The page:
40 metres

From Amateur-radio-wiki
Jump to: navigation, search
Band: 40m
Bands
160m 80m 60m 40m 30m 20m 17m 15m 12m
10m 6m 4m 2m 1.25m 70cm 33cm 23cm 3cm
Band Privileges
US Extra 7.000-7.300
US Advanced 7.025-7.300
US General 7.025-7.125
7.175-7.300
US Technician 7.025-7.125 (CW only)
UK (all) 7.0-7.2 (7.1 up secondary)

A section of the 40 metre band shared with broadcast stations (7.1 to 7.2) was due to be cleared of broadcast stations on 29th March 2009. Frequencies above 7.2 MHz remain in use by broadcasters in many countries, causing potentially-severe interference to radioamateur stations operating in this range due to the relatively high effective radiated power in use by the shortwave AM broadcasters.

Equipment

Related wiki pages: Transceivers, Receivers, Radio/PC Interfaces

Most HF amateur transceivers support this and other commonly-used bands in the 160m - 10m range. Receivers intended for SWL use are typically able to tune these frequencies, although some will be unable to demodulate CW and SSB signals on the band due to lack of usable BFO.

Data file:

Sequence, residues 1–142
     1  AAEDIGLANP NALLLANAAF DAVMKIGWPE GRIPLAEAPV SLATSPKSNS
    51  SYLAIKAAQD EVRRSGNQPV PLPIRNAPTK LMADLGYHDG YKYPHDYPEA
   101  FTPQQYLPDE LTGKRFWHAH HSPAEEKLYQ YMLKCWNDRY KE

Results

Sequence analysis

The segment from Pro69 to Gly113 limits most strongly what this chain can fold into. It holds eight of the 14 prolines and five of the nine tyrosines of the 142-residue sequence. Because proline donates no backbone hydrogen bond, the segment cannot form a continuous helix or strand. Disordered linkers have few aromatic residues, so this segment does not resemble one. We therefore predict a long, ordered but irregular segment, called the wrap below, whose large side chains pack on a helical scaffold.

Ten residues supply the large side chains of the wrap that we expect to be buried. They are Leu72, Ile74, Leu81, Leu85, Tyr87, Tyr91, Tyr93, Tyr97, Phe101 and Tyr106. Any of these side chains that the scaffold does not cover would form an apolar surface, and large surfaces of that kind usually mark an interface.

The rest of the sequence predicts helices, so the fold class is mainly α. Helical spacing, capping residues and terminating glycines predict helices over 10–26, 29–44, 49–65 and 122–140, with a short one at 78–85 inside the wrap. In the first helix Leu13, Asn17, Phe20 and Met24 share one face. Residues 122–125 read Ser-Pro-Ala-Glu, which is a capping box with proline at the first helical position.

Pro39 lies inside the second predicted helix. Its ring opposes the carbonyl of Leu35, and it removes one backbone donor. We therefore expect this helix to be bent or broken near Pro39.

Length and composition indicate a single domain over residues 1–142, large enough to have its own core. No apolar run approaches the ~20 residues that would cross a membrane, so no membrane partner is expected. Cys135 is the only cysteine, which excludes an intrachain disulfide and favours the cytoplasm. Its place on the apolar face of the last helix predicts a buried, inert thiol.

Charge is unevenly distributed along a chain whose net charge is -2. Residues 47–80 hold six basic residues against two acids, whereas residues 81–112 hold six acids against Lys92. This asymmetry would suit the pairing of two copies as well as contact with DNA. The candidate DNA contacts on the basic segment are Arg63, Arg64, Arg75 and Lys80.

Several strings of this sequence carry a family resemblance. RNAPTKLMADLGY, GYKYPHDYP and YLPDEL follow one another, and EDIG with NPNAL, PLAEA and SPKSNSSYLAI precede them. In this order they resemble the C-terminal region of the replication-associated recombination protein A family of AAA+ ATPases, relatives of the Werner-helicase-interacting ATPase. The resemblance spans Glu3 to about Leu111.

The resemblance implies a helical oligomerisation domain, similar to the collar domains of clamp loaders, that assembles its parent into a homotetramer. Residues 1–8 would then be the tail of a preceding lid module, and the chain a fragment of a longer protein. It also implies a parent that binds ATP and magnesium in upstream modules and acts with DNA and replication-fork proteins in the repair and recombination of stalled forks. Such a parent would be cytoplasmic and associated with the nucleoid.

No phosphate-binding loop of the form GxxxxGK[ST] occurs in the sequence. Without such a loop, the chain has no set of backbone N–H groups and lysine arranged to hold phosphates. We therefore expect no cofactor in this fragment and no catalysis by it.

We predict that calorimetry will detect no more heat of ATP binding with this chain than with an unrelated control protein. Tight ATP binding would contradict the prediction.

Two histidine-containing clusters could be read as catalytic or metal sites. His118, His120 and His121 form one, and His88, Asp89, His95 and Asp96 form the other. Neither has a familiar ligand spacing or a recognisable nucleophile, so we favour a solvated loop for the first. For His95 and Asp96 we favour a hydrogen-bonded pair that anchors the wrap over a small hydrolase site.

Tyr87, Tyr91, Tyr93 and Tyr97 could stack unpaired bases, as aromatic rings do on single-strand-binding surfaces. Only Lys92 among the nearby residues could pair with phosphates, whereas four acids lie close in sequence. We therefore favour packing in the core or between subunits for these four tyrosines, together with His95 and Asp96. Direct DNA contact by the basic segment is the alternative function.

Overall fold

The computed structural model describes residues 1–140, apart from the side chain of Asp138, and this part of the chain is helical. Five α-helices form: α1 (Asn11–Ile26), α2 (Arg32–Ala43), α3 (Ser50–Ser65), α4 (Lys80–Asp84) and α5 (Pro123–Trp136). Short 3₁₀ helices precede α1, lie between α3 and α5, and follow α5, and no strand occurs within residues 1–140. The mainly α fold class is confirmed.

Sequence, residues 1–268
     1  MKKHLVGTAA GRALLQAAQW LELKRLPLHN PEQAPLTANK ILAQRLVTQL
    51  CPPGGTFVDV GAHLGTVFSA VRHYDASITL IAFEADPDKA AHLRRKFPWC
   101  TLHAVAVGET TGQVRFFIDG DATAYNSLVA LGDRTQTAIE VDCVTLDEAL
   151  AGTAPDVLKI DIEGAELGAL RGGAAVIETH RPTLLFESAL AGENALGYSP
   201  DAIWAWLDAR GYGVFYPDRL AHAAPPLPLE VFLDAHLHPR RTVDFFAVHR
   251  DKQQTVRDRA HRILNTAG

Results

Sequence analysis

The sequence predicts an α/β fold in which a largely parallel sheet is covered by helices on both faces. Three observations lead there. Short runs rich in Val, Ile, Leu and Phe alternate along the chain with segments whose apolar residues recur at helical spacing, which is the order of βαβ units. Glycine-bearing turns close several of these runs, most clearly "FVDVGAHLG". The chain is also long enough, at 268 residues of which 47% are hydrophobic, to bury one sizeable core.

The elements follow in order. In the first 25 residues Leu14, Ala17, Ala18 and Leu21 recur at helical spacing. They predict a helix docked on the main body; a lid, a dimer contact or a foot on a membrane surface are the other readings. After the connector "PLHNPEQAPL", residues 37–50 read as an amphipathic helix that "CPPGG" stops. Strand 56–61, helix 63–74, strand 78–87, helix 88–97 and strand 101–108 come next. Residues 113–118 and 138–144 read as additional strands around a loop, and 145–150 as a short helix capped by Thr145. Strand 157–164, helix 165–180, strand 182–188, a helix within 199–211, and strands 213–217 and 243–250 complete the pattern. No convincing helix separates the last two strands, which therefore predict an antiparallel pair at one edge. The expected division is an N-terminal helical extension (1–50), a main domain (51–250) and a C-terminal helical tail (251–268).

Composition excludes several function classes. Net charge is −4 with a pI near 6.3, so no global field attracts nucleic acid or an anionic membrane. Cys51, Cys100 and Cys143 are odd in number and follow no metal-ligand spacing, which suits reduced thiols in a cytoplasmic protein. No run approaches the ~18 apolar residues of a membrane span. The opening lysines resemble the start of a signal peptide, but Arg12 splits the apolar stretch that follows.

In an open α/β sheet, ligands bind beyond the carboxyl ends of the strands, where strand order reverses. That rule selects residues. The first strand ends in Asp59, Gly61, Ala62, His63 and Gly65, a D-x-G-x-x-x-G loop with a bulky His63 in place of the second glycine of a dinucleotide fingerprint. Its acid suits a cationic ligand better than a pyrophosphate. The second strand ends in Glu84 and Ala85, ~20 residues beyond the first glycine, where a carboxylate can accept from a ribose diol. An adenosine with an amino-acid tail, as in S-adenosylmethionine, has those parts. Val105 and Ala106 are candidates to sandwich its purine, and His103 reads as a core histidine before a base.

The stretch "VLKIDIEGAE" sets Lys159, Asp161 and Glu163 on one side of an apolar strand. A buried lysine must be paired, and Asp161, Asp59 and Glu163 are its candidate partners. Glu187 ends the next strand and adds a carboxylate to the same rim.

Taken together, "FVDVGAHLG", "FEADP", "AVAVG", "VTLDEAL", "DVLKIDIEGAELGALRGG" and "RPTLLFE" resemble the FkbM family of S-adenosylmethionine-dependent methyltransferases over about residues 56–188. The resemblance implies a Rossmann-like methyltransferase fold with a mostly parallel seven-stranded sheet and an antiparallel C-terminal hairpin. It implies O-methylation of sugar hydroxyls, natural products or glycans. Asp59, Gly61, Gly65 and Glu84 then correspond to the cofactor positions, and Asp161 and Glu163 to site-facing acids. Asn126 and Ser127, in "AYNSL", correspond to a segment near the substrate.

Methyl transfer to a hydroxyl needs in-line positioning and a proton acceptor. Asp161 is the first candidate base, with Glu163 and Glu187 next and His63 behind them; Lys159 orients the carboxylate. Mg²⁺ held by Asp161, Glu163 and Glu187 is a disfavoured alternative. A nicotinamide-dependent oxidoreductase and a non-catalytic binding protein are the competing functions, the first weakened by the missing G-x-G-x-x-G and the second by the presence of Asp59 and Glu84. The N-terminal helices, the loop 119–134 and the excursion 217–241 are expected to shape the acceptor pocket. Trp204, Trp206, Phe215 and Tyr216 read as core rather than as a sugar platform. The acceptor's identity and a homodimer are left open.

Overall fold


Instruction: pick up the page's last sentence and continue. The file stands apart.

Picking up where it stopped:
Modulation

Related wiki pages: Modes

As with other HF bands, the lower portion of the band is CW and the remainder is primarily SSB, with some limited use of digital modes.

Propagation

Related wiki pages: Propagation

Stations in this band may be heard overseas and often worldwide, especially after sunset, due to skywave propagation.

Australian bandplan

Access: All licence classes

Vk4yeh vk 40m bandplan.jpg


Bands
HF and MF 160 metres * 80 metres* 60 metres * 40 metres * 30 metres * 20 metres * 17 metres * 15 metres * 12 metres * 10 metres
VHF 6 metres * 4 metres * 2 metres * 1.25 metres
UHF 70 centimetres * 33 centimetres * 23 centimetres * 13 centimetres
Microwave 9 centimetres * 6 centimetres * 3 centimetres * 1.25 centimetres * Bands above 24GHz
See also US bandplan